2

I have an enclosed cargo trailer. I need to install some rivnuts in the roof beams from the outside of the trailer. The aluminum skin of the trailer is attached to the steel tubing framework using some sort of adhesive. The result is that the aluminum is not directly against the steel tube. When the rivnut is installed, the deformed part of the rivnut ends up between the aluminum skin and the steel tube instead of inside the steel tube. This results is a much weaker anchor.

The following pictures shows the problem:

enter image description here

These are three different cross section drawings. Looking at the left one you can see the aluminum skin on top and the 1" wide x 1.25" tall steel tube. Between them is the layer of adhesive. I have no access to the underside of the steel tubing (which is why I am trying to use rivnuts in the first place). Removing the adhesive is not an option for several different reasons.

The rivnut is just placed into the hole in the left cross section.

The middle cross section is the result I am getting after compressing the rivnut in place. Note the compression is happening where the adhesive is.

The right cross section is the result I wish to get with the compression inside the steel tube.

The tool I'm using to install and compress the rivnut is little more than a big nut on a grade 5 bolt.

How can get the rivnut to install as shown in the right-most cross section shown in the picture? Would a different/better tool work?

The nut on my installation tool has a slight lip on it about the same height as the flange on the rivnut. It seems that if the nut had a taller lip on it (the same as the thickness of the aluminum skin, the adhesive, and the wall thickness of the tubing) then it might work.

8
  • Are you sure you're drilling the right size hole for the rivnut? I can imagine what you describe happening if the hole is a little too large. – brhans Feb 27 at 4:40
  • The hole seems to be the correct size. The rivnut needed to be pushed into the hole ever so slightly. – rmaddy Feb 27 at 5:36
  • This problem makes that quarter-twenty-eight tap look a bit more attractive. – fred_dot_u Feb 27 at 10:48
  • @fred_dot_u , what’s the comment about 1/4-28 tap? Rivnuts are threaded inserts used where the metal is thin or in some cases two soft. The only place I use 1/4-28 is on ar15 pistol grip screws, just wondering? When I install rivnuts I want a very tight fit, maintains downward pressure on the skin I have tied 2 layers of metal to the aluminum frame on my van for mounting ladder racks in the past. – Ed Beal Feb 27 at 14:48
  • 1
    @EdBeal They are most likely referring to a related question (engineering.stackexchange.com/questions/40430/…) I posted earlier. – rmaddy Feb 27 at 16:05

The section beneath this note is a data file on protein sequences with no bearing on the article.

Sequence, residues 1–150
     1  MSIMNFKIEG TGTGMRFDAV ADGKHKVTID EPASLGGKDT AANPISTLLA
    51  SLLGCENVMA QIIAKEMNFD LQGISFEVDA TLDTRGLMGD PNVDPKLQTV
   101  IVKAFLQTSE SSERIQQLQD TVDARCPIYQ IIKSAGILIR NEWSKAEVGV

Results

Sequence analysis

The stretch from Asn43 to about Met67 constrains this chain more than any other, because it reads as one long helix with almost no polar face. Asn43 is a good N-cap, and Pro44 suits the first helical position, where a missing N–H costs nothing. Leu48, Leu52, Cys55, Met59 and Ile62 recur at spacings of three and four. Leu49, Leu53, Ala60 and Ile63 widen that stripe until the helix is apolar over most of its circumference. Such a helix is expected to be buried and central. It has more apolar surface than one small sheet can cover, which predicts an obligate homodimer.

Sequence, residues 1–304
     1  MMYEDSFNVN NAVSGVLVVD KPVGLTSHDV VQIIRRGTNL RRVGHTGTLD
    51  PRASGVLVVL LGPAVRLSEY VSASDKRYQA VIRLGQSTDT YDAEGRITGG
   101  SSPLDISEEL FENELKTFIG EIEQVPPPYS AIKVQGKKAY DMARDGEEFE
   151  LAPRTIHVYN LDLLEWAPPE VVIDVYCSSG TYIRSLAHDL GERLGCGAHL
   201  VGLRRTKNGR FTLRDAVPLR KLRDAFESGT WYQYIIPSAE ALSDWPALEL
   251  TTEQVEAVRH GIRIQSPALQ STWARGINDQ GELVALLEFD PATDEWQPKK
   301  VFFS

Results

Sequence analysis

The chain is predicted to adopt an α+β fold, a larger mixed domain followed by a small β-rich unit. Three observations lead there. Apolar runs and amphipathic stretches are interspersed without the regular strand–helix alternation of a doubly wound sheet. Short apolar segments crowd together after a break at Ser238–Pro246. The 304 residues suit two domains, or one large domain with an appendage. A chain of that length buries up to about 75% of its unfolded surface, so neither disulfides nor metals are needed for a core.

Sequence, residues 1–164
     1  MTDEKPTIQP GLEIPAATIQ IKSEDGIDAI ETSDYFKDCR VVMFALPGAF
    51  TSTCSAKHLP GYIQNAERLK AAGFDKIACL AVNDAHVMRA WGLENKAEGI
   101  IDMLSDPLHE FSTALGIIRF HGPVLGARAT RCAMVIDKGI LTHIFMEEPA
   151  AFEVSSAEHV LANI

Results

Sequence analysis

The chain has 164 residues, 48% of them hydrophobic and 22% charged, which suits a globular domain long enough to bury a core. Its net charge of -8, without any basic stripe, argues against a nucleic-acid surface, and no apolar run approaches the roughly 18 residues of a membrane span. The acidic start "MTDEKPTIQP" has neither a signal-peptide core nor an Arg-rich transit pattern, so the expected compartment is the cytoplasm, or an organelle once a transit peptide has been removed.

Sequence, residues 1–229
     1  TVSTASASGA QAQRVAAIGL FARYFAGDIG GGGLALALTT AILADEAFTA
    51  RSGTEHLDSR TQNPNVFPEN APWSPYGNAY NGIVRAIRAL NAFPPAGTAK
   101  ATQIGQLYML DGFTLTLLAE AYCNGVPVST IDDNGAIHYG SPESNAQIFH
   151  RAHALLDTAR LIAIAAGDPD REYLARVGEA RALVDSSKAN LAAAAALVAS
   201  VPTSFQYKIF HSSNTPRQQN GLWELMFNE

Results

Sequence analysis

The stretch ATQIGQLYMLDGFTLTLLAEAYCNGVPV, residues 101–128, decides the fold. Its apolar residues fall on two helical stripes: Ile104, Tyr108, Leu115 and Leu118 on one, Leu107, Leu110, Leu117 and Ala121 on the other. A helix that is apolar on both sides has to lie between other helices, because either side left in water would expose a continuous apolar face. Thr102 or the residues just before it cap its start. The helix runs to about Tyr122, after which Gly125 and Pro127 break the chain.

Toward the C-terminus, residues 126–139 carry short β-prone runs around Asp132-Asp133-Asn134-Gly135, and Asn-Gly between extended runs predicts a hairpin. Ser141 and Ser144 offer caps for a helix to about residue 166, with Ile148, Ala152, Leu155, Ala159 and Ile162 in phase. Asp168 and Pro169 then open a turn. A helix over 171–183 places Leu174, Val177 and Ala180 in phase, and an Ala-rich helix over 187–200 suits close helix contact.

1

You need a longer rivnut where the compressive section is further away from the head.

Or remove the adhesive layer and then the rivnut will work correctly .

4
  • The grip range on the rivnuts I have are 0.027" - 0.165". The distance from the outside of the aluminum skin to the inside of the steel tube is within that range but it is close to the max. I supposed I could by a set with the next higher grip range and see if that helps. Removing the adhesive is not an option for several reasons. Thanks. – rmaddy Feb 27 at 6:38
  • Because the expansive section is mostly with the metal parts as you have just explained is why it does not work. There are only two options: Get longer ones or change something. – Solar Mike Feb 27 at 6:46
  • Thanks. I'm going to try a better tool and different rivet nuts. It will be a couple of weeks before I can get and test the new setup. I'll update when I can. – rmaddy Feb 27 at 16:28
  • Using a rivnut with a longer grip range solved the issue. I also got a better tool as shown in the answer by @Michael Karas. That definitely made it easier to install. But the longer grip in the rivnut allowed the rivnut to form in the correct location. – rmaddy Mar 6 at 5:45
2

I think that part of your problem is your use of the super economy installation tool. With that kind of tool it is difficult to hold the rivet nut very firmly into the hole.

I use this type tool for installing rivet nuts and have had good luck with its use. The tool allows you to press down firmly on the rivet nut while at the same time folding the handles together to compress the rivet nut.

enter image description here

Picture Source

Rivet nuts are designed to allow crimping into materials in a certain range of thicknesses. They do require a hole through solid material that is a snug fit with the body of the uncompressed rivet nut. It is quite possible that you will never achieve a satisfactory result with the soft adhesive material between the outer skin and the metal tubing. One thing that you may want to try, after obtaining a better installation tool, is to heat up the area surrounding the installation site for a four or five inch area to soften the adhesive. Then with the better tool you may be able to compress the softened adhesive a bit when pressing hard down on the compression tool.

2
  • Thanks. I'm going to try a better tool and different rivet nuts. It will be a couple of weeks before I can get and test the new setup. I'll update when I can. – rmaddy Feb 27 at 16:28
  • I ended up getting a better tool very similar to that shown in this answer. That made it much easier to install the rivnut. But the key, for my setup, was to use a longer rivnut with a more appropriate grip range. With the proper rivnut and a better tool I was able to get a proper install without having to do anything special with the adhesive between the two pieces of metal. – rmaddy Mar 6 at 5:49

Your Answer

By clicking “Post Your Answer”, you agree to our terms of service, privacy policy and cookie policy

Not the answer you're looking for? Browse other questions tagged or ask your own question.